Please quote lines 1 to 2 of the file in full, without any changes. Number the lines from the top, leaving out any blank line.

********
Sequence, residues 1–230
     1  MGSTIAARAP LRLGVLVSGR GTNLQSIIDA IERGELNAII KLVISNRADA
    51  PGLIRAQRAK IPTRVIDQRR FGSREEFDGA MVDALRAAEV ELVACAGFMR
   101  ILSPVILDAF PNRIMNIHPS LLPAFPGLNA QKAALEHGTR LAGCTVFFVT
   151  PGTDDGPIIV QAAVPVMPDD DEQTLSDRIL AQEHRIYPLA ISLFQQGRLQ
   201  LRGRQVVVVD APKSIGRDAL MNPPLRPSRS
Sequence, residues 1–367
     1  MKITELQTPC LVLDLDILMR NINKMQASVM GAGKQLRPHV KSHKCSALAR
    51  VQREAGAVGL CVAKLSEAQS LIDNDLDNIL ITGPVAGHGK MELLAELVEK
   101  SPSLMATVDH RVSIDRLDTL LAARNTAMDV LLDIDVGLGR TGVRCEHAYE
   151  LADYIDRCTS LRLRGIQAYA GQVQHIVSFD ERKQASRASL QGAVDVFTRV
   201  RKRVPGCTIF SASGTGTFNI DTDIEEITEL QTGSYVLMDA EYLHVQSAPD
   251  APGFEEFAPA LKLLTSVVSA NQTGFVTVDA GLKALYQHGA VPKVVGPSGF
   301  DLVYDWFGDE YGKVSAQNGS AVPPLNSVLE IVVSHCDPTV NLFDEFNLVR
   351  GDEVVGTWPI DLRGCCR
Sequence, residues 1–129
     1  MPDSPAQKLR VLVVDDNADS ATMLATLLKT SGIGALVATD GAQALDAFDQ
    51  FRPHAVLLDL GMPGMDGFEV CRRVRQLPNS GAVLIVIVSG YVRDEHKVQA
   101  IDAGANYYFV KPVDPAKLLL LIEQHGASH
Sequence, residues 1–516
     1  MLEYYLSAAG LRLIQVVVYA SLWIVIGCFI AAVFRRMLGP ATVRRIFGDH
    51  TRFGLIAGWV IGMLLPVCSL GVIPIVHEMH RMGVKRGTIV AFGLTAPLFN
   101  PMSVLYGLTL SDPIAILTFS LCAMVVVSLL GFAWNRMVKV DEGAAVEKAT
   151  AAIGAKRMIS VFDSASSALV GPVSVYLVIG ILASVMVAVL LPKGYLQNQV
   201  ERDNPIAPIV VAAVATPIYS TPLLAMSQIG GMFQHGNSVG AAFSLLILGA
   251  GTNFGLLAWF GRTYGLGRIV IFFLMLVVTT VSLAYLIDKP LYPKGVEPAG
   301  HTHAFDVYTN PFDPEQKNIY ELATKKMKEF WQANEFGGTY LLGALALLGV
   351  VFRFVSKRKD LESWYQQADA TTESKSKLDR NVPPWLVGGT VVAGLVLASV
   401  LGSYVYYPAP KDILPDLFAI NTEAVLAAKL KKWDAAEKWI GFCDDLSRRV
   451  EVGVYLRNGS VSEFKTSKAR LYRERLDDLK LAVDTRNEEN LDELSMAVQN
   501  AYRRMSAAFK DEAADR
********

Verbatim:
Sequence, residues 1–230
     1  MGSTIAARAP LRLGVLVSGR GTNLQSIIDA IERGELNAII KLVISNRADA